“As the authorities attempt to evict Occupy protestors from public spaces, they are going to start showing up at Bank of America doorsteps across the country. Bank of America is in the center of the Occupy Movement because of its reckless financial practices that put profit before people and planet,” said Amanda Starbuck, Rainforest Action Network’s Energy and Finance Campaign Director. “If Bank of America would like to regain the trust of the 99 percent, it must adopt sound economic and environmental policies that reflect the values of its customers. Bank of America can start by getting out of bed with the coal industry, and shifting its funding toward renewable energy sources that will have long term benefits for our environment, our health and our economy.”

“Bank of America is foreclosing on our neighbors and it’s foreclosing on our climate. To be honest, I’m embarrassed that I’m still a customer,” said Jamie Trowbridge, an Appalachian State University student who was one of the two climbers arrested at today’s protest. “Coal is dirty at every stage in its lifecycle. No longer will Bank of America fund coal with my money. When I get back to school, I’m going to cut up my BoA debit card, and help other students do the same.”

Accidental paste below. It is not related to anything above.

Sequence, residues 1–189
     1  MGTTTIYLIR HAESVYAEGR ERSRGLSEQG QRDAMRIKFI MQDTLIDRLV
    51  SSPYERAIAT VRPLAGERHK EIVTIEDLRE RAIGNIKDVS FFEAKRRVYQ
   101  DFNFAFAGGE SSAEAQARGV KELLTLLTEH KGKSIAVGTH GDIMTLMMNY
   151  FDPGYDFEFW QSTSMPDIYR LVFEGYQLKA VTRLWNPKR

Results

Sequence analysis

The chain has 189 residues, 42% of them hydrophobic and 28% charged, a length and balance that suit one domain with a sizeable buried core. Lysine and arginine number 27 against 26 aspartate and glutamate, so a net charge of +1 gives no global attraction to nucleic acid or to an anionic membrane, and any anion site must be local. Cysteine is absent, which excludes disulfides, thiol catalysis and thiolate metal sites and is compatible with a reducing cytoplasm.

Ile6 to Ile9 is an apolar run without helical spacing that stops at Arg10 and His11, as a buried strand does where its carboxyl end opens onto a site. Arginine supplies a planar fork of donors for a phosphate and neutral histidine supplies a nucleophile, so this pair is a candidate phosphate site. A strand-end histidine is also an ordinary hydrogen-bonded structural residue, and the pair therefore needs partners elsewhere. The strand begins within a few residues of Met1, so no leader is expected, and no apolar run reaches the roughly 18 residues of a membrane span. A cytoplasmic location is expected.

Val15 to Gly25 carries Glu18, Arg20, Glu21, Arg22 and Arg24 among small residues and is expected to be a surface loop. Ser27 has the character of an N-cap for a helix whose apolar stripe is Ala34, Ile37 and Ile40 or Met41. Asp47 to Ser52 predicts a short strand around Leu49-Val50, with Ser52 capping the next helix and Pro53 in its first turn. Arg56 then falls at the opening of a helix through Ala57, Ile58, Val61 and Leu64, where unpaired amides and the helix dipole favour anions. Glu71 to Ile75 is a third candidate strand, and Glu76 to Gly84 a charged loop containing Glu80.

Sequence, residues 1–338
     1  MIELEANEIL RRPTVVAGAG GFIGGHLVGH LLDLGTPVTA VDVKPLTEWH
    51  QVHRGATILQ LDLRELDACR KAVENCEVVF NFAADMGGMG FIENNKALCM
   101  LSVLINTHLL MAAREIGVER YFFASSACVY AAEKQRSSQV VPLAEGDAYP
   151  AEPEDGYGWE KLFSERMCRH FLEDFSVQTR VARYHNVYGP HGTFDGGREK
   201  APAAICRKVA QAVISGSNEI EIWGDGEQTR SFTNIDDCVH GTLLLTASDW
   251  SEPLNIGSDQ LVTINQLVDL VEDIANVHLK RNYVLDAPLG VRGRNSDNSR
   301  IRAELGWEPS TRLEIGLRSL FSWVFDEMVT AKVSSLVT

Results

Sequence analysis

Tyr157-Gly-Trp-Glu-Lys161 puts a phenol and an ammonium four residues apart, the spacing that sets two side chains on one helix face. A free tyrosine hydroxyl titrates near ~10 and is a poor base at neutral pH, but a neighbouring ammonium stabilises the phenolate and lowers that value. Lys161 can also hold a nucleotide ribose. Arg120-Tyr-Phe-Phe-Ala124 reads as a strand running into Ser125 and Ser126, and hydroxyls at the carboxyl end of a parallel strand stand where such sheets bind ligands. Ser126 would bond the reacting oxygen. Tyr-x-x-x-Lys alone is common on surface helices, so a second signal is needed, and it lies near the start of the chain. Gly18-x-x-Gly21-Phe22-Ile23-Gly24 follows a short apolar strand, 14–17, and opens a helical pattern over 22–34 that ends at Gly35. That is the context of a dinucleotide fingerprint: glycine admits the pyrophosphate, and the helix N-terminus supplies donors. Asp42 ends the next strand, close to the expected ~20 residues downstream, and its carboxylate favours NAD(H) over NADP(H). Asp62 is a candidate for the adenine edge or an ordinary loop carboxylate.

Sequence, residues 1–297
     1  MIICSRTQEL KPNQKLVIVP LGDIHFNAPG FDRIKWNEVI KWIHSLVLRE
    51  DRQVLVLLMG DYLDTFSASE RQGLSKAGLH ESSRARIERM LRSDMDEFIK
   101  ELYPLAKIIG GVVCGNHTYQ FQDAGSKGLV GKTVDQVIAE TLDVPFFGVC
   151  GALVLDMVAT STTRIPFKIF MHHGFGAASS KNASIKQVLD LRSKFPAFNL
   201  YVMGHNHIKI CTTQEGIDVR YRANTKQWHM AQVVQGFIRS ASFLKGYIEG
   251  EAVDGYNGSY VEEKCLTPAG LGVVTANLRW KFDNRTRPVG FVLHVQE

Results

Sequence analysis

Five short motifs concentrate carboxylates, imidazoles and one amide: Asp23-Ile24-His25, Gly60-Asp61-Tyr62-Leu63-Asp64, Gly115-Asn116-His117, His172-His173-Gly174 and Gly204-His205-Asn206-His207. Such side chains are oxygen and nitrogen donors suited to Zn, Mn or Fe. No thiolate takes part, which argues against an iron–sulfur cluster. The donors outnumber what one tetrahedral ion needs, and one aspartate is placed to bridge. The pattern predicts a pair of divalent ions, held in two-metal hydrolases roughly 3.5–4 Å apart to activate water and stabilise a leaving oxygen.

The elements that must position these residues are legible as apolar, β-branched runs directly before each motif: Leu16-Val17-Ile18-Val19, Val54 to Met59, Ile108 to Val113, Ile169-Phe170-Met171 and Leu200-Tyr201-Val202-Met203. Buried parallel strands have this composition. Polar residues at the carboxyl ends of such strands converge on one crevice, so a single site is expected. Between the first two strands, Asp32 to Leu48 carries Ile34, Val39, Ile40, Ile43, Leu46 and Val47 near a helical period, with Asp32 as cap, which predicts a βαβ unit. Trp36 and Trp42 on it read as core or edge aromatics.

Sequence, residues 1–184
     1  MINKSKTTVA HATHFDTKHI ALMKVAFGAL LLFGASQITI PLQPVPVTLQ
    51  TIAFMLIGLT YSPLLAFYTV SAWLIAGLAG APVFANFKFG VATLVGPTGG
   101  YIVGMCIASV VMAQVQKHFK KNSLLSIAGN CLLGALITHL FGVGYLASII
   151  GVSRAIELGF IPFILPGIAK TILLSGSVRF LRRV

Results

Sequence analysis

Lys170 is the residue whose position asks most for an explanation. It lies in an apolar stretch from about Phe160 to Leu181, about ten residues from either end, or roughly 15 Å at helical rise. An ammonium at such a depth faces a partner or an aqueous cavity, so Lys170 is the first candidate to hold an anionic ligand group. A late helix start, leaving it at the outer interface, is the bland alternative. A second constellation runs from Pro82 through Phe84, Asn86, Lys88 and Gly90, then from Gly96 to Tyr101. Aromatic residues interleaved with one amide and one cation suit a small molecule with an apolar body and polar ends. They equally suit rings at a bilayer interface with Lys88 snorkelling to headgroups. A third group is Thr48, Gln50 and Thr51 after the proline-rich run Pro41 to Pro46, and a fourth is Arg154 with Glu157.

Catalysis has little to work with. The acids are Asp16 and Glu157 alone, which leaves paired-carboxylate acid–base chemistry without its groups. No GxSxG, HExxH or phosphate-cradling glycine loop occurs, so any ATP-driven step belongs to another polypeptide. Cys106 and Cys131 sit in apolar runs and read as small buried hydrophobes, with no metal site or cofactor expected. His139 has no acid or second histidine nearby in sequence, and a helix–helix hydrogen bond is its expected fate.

In the past two years alone, Rainforest Action Network has found that Bank of America has pumped $4.3 billion into the U.S. coal industry; $1.3 billion more than other top banks. With today’s protest, environmentalists have joined the mounting outrage at Bank of America’s reckless financing practices, a critique which has been on display with the Occupy Movement and with the record transfer of customer accounts to credit unions. According to the Credit Union National Association, 700,000 consumers across the nation have joined credit unions since Sept. 29 and credit unions have added $4.5 billion in new savings accounts.